|Fig. 4. Lateral view of skull of A) Cassistrellus yokdonensis sp. nov. (holotype, ROM 107751) and B) C. dimissus (holotype, BM(NH) 220.127.116.11.). The scale bar at the bottom represents 5 mm. |
|Fig. 4. Lateral view of skull of C) C. dimissus from Laos (MHNG 1926.053), and D) C. dimissus from Nepal (UMMZ 172218). The scale bar at the bottom represents 5 mm.|
Cassistrellus yokdonensis sp. nov.
Yok Don helmeted bat
Eptesicus sp. A JLE-2010: Francis et al., 2010
Holotype: Male ROM 107751 (field number 42734) collected on 6 June 1997 by B. K. Lim and M. Theberge. Preserved as a skin, skull, and partial skeleton. Epiphyses almost completely fused, indicating that this bat was a subadult.
Type locality: Vietnam: Dak Lak province; Yok Don National Park, Dak Ken River (tributary of the Serepok River), base of Yok Mt. ..., at 194 m a.s.l. in dry, open dipterocarp forest.
Diagnosis: Cassistrellus yokdonensis sp. nov. is a medium-sized vespertilionid bat (body mass about 15 g) characterized by pointed, narrow wings similar in shape to those of Nyctalus species, but not as narrow. The fur is sparse with short hairs, clove brown (Ridgway 1912) dorsally, lighter beige ventrally, and cream colored at the throat. There is no glossy tinge to the fur. The color of the wings and other skin parts is blackish brown. The wing membranes attach to the distal end of the metatarsus. The calcar extends less than halfway to the tail and has no visible lobe.
Although the dental formula is identical to that of Eptesicus species, the skull possesses a pair of deep and well-defined basisphenoid pits and prominent preorbital processes that are otherwise absent from the latter genus. C. yokdonensis sp. nov. is morphologically similar to C. dimissus, but—in spite of the fact that the known individuals are not fully grown adults—is substantially larger, both externally (e.g., FA 47 mm versus 39–42 mm; Table 1), and cranially (e.g., maxillary toothrow length over 6.5 mm versus less than 6.4 mm). C. yokdonensis sp. nov. has also a much stronger dentition in general, and subequal small lower premolars, longer more curved upper canines, and procumbent upper incisors compared to its congener. Genetically, C. yokdonensis sp. nov. has unique mitochondrial (Cytb, Co1) and nuclear (Rag2) sequences compared to C. dimissus from Laos.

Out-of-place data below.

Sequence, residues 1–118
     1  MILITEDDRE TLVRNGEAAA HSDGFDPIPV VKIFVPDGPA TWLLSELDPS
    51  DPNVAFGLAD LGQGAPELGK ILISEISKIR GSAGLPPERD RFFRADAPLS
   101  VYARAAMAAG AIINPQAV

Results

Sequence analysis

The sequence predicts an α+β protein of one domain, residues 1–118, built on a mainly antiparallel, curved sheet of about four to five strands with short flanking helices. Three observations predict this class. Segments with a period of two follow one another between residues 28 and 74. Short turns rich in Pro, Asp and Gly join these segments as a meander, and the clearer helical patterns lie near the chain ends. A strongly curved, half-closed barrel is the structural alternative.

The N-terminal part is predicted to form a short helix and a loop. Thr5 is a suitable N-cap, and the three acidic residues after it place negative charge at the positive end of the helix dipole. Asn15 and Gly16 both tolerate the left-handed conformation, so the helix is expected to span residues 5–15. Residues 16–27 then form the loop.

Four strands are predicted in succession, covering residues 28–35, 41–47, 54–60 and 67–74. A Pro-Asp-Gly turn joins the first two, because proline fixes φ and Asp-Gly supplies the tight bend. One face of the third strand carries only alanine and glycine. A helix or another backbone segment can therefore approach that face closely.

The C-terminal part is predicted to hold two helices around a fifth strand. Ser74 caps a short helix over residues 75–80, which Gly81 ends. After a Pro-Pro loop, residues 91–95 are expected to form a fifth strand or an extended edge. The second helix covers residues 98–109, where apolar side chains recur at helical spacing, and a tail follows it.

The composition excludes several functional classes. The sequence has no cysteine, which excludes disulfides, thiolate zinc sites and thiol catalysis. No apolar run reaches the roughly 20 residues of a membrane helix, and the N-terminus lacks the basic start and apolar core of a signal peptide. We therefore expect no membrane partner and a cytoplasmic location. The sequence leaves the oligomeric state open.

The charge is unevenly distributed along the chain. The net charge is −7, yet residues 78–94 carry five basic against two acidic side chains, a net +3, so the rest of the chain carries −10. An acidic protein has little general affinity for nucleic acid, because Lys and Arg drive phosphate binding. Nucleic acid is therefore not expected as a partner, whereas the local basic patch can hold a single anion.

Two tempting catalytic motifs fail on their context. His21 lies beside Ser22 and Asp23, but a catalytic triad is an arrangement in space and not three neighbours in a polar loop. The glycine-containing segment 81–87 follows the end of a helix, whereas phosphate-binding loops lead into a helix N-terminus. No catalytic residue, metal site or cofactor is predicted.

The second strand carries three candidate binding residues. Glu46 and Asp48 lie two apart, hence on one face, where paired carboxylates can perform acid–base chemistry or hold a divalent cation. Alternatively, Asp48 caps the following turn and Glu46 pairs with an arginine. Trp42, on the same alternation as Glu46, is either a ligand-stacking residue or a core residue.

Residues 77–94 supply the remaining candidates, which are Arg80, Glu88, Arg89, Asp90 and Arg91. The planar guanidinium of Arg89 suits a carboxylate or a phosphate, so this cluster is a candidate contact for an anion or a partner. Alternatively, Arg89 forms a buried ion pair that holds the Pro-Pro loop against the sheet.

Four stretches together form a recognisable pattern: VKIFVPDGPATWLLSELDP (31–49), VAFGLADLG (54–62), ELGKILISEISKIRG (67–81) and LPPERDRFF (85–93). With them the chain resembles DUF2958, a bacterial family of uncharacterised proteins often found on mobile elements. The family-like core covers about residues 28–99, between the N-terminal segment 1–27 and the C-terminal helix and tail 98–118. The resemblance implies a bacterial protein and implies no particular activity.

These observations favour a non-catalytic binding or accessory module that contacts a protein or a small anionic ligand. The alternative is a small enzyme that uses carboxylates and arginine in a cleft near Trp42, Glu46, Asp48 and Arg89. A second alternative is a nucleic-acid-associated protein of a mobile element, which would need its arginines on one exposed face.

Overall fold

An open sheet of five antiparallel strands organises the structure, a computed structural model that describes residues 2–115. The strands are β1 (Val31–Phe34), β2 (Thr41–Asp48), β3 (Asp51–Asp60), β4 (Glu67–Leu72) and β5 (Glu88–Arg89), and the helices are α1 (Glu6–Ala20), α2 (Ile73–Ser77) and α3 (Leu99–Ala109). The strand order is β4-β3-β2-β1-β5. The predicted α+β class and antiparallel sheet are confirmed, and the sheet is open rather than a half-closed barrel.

Etymology: We propose the name C. yokdonensis after the national park where it has been found, in recognition of the importance of protected areas in conserving species and their habitats.
Geographic distribution: Currently known only from Yok Don National Park, Dak Lak Province of Vietnam. The 2 specimens were caught shortly after 2100 h as they flew into large (30 m long by 10 m high) canopy nets deployed in a dry, open dipterocarp forest of lowland regions. Other species of mammals caught in the same nets included Taphozous, Pipistrellus, Murina, Cynopterus, Megaerops, and Rhinolophus bats and several Hylopetes flying squirrels. In addition, a paratype specimen of a new species of parachute gecko (Ptychozoon trinitaterra) was caught in this net (Brown 1999).
Manuel Ruedi, Judith L. Eger, Burton K. Lim and Gábor Csorba. 2017. A New Genus and Species of Vespertilionid Bat from the Indomalayan Region. Journal of Mammalogy. gyx156. DOI: 10.1093/jmammal/gyx156